No Pain, No Gain - Rambo? I don't know

written by: Karl Gellert, CESP
Personal Trainer and Coach at Infinite Fitness

When I originally wrote this post I was pretty much ranting and raving all over the place. Not really sure why I was so upset, but I've since calmed down so today you get a calmer, more logical Karl. However, there is something I'd like to get off my chest.

I'm sure you've heard the expression "work smarter, not harder"? Well that's exactly what I want to talk about.

We can break exercise into two basic components - stress and recovery. As we all know, building muscle, losing fat, increasing endurance etc. is an adaptation to a stressor placed on the body.

To sum it up in simple terms, when we break down a part of our body, within reason, it adapts and rebuilds stronger - the law of adaptation.

Now, I'm a fan of hard work. It's really the only way to make progress in your workout life, regardless of how you personally define that - be it cycling, strongman, running, or fighting grizzly bears with your bare hands. So before I start I'm going to make sure you understand this:

Consistent, hard work is the only way to make a lasting and sustainable change in your body

There's just no way around it.

Now that we have that out of the way, the whole "no pain, no gain" mentality should be left in the smouldering dumpster fire that was the 80's (Not Rambo though - he was badass).

Rambo

How sore you are the next day has almost no correlation to how good of a workout you had the day before. You did something your body wasn't used to, but that's about it - if you consistently feel like a husk of yourself the next day, something is definitely wrong.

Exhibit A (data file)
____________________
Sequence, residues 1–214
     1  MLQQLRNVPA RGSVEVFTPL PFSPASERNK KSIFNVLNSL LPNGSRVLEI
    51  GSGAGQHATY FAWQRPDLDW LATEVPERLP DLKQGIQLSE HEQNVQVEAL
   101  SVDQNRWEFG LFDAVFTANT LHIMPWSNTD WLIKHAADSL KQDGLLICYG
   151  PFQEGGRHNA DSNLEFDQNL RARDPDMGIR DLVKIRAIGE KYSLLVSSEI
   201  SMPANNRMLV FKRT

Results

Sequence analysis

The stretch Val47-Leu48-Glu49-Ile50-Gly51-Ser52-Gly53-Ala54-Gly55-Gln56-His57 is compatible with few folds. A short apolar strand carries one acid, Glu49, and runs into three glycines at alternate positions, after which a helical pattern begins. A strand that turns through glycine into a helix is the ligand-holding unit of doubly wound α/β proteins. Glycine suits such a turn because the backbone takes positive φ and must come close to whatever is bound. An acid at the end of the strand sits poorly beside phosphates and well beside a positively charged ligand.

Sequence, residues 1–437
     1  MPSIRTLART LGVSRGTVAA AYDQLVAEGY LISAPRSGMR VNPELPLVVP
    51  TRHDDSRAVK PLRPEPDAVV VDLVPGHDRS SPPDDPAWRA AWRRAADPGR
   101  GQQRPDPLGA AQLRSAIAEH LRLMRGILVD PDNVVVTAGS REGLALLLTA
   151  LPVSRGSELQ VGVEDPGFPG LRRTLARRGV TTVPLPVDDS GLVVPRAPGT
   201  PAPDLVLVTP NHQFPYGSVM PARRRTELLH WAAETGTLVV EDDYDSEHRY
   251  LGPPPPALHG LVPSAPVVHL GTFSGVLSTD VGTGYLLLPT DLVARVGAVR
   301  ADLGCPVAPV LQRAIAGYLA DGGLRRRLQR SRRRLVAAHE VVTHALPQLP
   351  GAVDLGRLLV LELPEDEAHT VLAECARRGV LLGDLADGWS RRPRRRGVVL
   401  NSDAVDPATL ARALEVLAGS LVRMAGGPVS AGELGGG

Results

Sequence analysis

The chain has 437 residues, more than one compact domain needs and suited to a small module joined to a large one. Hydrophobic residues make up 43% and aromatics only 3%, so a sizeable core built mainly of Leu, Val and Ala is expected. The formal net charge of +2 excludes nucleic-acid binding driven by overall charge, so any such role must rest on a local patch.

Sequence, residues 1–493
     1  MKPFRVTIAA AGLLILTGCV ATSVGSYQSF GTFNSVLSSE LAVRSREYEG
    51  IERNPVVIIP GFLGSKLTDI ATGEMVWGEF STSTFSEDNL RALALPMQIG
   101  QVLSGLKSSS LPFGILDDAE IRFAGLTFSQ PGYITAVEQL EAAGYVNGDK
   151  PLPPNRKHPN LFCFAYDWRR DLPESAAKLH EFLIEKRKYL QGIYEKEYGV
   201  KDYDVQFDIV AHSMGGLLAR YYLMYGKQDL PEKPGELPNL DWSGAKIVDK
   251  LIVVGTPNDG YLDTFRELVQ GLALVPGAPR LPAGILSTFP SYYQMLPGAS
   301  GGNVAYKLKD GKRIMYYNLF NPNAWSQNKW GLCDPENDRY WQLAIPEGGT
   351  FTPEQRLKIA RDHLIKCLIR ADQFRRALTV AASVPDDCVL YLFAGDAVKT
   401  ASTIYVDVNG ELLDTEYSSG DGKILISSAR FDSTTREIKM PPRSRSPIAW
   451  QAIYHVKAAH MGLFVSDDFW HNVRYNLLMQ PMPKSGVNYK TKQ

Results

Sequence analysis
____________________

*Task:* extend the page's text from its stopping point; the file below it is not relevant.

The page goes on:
It may not always look like it, but there should be be a point to every exercise you're doing - you should be moving towards a goal or checkpoint. I see so many fitness "workouts" that literally have no rhyme or reason, no attention to movement quality and quite frankly, are just poorly put together. They're just a bunch of stuff. It's certainly better than doing nothing at all, but that's not really a great benchmark, now is it?

And before you say it, no, I'm not talking about Crossfit, I'm actually wearing Crossfit shoes right now as I write this. This can apply to any kind of training - bodybuilding, powerlifting, Crossfit and yes, just general fitness and group exercise classes.

If someone has tight ankles, poor thoracic mobility, hip flexors of steel, and doesn't have a great idea of how to brace properly in their core (which is actually the case for a large number of people) it isn't a fantastic idea to get them to do burpees, pushups, jumping lunges, or even, gasp, planks, with little rest for time. At that point in their fitness "career" they just don't have the work capacity. Give it a few months of consistent practice, get their general conditioning (cardio) and strength up and then we can really get the ball rolling with some more exciting workouts.